The Value of Green Spaces

Example of ORVal map

It can be a challenge to quantify the recreational value of urban green spaces. Parks in urban areas can be overlooked when business and residential development is in demand. Globally, different research is considering ways to better value the outdoor spaces that provide indispensable opportunity for human and environmental health. In the UK, a sophisticated model is helping policymakers understand the demand for recreational outdoor green spaces. 

A lack of comparative measure for the value of green spaces in urban areas can be a limitation to investing, protecting and developing such spaces. The importance of green spaces and accompanying plants is well known, however, with demand for urban development increasing, these spaces are not always prioritised. In England, the creation of an evaluation model known as The Outdoor Recreation Valuation tool (ORVal) has provided policymakers with estimated monetary values for urban green spaces. The research conducted by the University of Exeter, is modelled on data collected in a nationwide survey which asks about recreational visits to the natural environment. The results from over 78,154 observations and the mapping of 128,295 greenspaces allows researchers to examine where the public are visiting, for how long, and their motivation. One of the key recent findings for motivation to visit outdoor spaces is the significance of good access to quality green space.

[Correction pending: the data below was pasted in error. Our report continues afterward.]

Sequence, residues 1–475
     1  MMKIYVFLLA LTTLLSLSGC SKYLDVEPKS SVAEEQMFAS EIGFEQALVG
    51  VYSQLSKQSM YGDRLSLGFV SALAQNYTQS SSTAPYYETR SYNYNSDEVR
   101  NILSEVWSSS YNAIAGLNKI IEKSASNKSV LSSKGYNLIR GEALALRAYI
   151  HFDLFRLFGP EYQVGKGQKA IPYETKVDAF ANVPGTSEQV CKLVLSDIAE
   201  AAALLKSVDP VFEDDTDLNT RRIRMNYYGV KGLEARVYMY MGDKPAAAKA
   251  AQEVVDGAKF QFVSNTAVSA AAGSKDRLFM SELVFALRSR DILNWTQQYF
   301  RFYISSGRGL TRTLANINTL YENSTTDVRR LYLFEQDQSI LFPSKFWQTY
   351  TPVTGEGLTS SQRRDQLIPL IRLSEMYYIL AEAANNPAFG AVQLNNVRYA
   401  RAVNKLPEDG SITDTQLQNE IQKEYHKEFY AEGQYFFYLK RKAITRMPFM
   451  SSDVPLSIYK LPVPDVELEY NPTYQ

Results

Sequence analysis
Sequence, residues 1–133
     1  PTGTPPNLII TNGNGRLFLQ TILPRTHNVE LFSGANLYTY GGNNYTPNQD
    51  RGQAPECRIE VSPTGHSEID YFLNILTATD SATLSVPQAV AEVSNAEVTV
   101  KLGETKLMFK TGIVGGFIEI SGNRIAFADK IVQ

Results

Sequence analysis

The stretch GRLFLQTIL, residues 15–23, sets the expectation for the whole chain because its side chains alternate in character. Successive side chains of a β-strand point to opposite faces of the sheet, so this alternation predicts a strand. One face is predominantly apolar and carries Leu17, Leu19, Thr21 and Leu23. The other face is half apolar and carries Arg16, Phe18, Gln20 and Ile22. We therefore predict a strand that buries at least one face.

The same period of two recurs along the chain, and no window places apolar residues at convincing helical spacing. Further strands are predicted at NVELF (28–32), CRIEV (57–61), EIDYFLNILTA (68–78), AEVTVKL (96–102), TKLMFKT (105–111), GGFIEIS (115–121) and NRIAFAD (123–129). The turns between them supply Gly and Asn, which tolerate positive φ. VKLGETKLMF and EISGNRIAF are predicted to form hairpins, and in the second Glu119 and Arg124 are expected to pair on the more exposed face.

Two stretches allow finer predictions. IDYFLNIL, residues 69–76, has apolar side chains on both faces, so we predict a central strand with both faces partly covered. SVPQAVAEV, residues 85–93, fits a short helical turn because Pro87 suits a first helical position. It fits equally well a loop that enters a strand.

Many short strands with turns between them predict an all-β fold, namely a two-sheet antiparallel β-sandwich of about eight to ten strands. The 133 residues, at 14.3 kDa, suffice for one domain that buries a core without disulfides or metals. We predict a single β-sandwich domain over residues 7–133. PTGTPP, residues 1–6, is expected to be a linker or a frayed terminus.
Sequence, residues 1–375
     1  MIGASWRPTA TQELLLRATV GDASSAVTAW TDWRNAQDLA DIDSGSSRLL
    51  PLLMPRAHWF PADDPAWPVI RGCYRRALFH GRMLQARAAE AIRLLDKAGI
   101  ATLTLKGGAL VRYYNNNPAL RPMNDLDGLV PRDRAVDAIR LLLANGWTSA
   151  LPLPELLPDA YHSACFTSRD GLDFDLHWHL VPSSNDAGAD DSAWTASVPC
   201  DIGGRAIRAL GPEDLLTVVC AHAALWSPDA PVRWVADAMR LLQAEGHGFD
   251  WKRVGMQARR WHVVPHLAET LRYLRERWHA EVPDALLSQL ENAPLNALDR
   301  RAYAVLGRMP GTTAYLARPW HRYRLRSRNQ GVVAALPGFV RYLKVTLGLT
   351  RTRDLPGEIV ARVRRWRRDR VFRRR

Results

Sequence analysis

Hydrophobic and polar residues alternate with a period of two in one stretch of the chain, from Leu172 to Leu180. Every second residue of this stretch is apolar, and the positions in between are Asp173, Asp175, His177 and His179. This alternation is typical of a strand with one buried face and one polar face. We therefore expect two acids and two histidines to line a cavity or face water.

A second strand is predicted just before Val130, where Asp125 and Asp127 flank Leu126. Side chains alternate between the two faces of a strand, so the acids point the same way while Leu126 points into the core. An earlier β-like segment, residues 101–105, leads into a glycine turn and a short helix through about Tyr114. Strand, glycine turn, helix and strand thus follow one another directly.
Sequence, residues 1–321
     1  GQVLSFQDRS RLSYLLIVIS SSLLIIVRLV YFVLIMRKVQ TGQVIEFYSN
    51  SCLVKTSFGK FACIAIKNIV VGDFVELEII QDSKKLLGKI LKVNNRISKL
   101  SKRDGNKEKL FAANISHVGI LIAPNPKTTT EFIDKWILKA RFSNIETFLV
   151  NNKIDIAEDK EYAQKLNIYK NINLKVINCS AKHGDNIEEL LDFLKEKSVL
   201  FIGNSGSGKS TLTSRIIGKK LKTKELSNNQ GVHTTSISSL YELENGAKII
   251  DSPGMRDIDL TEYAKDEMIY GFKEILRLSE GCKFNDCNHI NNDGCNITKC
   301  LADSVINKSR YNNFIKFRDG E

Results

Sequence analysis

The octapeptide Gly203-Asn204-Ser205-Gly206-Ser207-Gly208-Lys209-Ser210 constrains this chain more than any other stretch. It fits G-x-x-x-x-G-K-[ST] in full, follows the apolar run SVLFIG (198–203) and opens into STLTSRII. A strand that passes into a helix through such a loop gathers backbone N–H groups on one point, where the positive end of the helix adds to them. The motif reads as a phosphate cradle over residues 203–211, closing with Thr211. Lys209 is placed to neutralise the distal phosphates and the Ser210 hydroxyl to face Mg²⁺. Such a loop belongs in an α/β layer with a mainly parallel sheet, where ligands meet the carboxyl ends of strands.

Understanding the motivators and barriers to engaging with green space can provide insights to develop targeted policy. The most recent report from the team behind ORVal estimated the value of UK green spaces to be £25.6bn a year. Many urban areas presented highly valuable green spaces, such as Croxteth Hall in Liverpool which had a recreational value of £8,496,720. The ORVal tool can be used to estimate the number of visits to existing or newly created green spaces, and to derive monetary value of the recreational opportunities provided by those sites. This provides councils and urban planners with an economic value of green spaces to strengthen the argument to protect and invest in trees and plants for urban areas.

Learn more: ORVal | Land, Environment, Economics and Policy Institute | University of Exeter

Francesca Boyd